Logged

JobLeonard
Level 10
*****



View Profile
« Reply #1090 on: February 26, 2020, 04:30:39 AM »

The music syncing up with the lights going on in the factory
Logged
NovaSilisko
Level 4
****


Real life space alien (not fake)


View Profile
« Reply #1091 on: February 26, 2020, 04:31:43 AM »

This game is going to be a masterpiece.

edit: fixed

That reverb gives me good tinglies. It's so good. It's all so good
Logged

Prinsessa
Level 10
*****


Ava Skoog


View Profile WWW
« Reply #1092 on: February 26, 2020, 10:08:57 AM »

Oh my god yes the lights
Logged

Ishi
Pixelhead
Level 10
******


coffee&coding


View Profile WWW
« Reply #1093 on: February 28, 2020, 10:56:17 PM »

Such nice comments, thanks <3 The lights syncing with the music is one of those crazy extra features that I didn't need, but had to put in once I had the idea. I don't really have any more music-syncing things in the game at the moment (aside from the end-of-level and end-of-boss sequence) but may try to find some more to add.

Sound overhaul continues

I've not had much time to work on the game throughout this week - been busy with normal work and other events - but spent Friday continuing to add and improve sounds.

Menus

One area that has been given some attention is the menus. They previously used various unsuitable game sounds - such as playing the 'jump' sound when you pressed a button - which sounded terrible. I've gone for a kind of tactile wooden feeling which feels much better, I think.





Per-sound delay

The one new feature added this week is the ability to add a delay to sounds. For 'Pause' and 'Resume' it plays the same sound three times with a slight delay, with pitch and volume changes to create small jingles. This kind of shortcut allows me to author sounds more quickly and makes the sound system more flexible for if/when I improve the audio more in the future.
Logged

nosferathoo
Level 1
*


indiedev from Poland


View Profile
« Reply #1094 on: March 07, 2020, 11:25:40 AM »

This looks like a insanely polished game - would love to play it as it reminds me of Shantae series.
Logged

Ishi
Pixelhead
Level 10
******


coffee&coding


View Profile WWW
« Reply #1095 on: March 07, 2020, 05:09:52 PM »

This looks like a insanely polished game - would love to play it as it reminds me of Shantae series.

Thanks! Smiley

Factory door / Boss sounds

The ongoing sound overhaul continues, again! No real new features for the audio system this week - just lots of authoring and hooking up of new sounds.

The factory door sequence has been improved. The boss fights are also a major area of improvement this week. The boss intro cutscene used to be entirely silent, but now has appropriate sounds triggered by the various animations throughout the cutscene. The boss itself also has a lot of new sounds including a first pass at an engine noise. Also little details like adding a sound when Kuila slams her fists on the tank after taking damage.





Here's a video of the factory intro and boss fight, with the usual disclaimer: there are still plenty of placeholder sounds in here! The sound volume is also probably not very well balanced.
Logged

JobLeonard
Level 10
*****



View Profile
« Reply #1096 on: March 08, 2020, 10:26:25 AM »

 Hand Any Key Kiss Hand Joystick
Logged
Ishi
Pixelhead
Level 10
******


coffee&coding


View Profile WWW
« Reply #1097 on: March 14, 2020, 09:36:59 AM »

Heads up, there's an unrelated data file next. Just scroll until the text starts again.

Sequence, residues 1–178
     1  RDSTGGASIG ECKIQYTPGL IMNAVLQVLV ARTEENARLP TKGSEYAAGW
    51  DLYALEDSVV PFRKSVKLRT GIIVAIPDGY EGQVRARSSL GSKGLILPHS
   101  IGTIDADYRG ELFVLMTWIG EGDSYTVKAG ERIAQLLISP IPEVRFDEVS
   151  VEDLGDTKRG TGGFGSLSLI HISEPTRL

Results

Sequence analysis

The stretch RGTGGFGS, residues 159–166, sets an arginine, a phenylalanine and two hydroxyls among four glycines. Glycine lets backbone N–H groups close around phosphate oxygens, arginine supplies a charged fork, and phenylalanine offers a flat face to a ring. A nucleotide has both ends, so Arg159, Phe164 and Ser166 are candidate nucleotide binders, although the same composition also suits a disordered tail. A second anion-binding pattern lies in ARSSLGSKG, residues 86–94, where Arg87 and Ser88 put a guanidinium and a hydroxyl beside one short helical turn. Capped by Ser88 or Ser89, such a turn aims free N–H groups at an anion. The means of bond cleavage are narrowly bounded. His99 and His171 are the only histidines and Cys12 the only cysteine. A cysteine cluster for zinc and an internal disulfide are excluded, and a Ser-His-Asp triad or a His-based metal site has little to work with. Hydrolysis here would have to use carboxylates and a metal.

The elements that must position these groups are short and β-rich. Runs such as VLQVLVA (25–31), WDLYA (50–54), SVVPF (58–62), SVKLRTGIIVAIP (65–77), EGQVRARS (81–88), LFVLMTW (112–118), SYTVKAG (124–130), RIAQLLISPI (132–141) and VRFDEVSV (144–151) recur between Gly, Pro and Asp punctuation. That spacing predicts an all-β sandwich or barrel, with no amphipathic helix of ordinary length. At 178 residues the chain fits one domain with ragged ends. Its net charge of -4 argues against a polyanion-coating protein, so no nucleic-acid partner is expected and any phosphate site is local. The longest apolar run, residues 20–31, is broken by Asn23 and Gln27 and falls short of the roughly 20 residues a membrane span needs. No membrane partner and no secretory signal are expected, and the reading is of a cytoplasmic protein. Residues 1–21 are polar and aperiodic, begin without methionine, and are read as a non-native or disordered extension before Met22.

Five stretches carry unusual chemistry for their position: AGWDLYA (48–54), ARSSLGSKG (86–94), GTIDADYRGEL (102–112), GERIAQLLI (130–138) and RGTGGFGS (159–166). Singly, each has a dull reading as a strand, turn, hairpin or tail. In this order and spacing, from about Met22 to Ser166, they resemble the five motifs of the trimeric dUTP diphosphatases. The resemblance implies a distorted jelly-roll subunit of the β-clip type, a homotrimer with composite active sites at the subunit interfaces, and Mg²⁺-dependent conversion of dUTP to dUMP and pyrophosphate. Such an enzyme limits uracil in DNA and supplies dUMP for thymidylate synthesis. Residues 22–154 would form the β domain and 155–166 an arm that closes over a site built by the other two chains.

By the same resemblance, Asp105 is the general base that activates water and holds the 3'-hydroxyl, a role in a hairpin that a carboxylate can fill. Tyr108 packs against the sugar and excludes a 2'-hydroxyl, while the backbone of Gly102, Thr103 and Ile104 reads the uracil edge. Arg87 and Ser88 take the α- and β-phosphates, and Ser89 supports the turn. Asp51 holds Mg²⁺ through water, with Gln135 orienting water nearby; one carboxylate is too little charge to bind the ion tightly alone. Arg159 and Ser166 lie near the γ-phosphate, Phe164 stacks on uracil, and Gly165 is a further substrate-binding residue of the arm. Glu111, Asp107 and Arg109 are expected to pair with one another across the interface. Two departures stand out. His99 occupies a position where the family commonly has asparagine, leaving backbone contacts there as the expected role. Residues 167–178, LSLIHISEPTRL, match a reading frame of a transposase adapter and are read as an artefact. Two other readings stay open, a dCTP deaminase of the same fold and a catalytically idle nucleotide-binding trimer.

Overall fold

Continued Audio progress

As always, audio work continues. I decided to count the items on my todo list and the current completion rate is...

67 / 162 = 41%

That's after one month. I expect I can finish the rest of the list within another month!

Instagram long screenshot

Rather than just posting about audio I thought I'd mix things up a little. I was recently inspired to try posting a long, multi-image screenshot on instagram! The source of the inspiration was this cute Animal Crossing pixel art by _t3nshi - I loved the idea of being able to scroll through a single long image. I don't put any serious effort into my instagram account but it can be fun to post things now and then. I've shied away from posting non-photographs on there before, but the multi-image thing seemed like it'd be a good fit for instagram.

To start with I needed my long screenshot. I could take multiple screenshots and stitch them together later, but the parallax backgrounds would make this awkward, because they scroll at a different rate to the main scenery and wouldn't line up. Instead, I just changed the game's display size to make it super wide!



It was fun to see the game running like this! Next I cropped the image down to a 960x240 area - enough for 4 square images. I read that 1080x1080 images are best for instagram, so I scaled the image up using the same two-step process that the game does, to keep the pixels looking sharp - first a 400% nearest neighbour scale (to 3840x960), then a bilinear filtered scale up to 1080 high (4320x1080). After cutting this into four, it produces nice clean images.

The final step was to use my phone to post the images, since instagram only supports posting via the app.

On the website the images look quite nasty thanks to the compression - but thankfully when viewed on the app they come out much sharper and cleaner.

Logged

Prinsessa
Level 10
*****


Ava Skoog


View Profile WWW
« Reply #1098 on: March 14, 2020, 10:54:35 AM »

So neat! Kiss So when are we getting the Mac touch bar build of the game so we can play it in this super wide screen glory? Well, hello there!
Logged

Ishi
Pixelhead
Level 10
******


coffee&coding


View Profile WWW
« Reply #1099 on: March 14, 2020, 11:10:02 AM »

So neat! Kiss So when are we getting the Mac touch bar build of the game so we can play it in this super wide screen glory? Well, hello there!

Now that would be wide, I feel like you could see the whole level :D Although at 30 pixels high you wouldn't get much detail...

Logged

Pages: 1 ... 53 54 [55] 56 57 ... 63
Print
Jump to:  

Theme orange-lt created by panic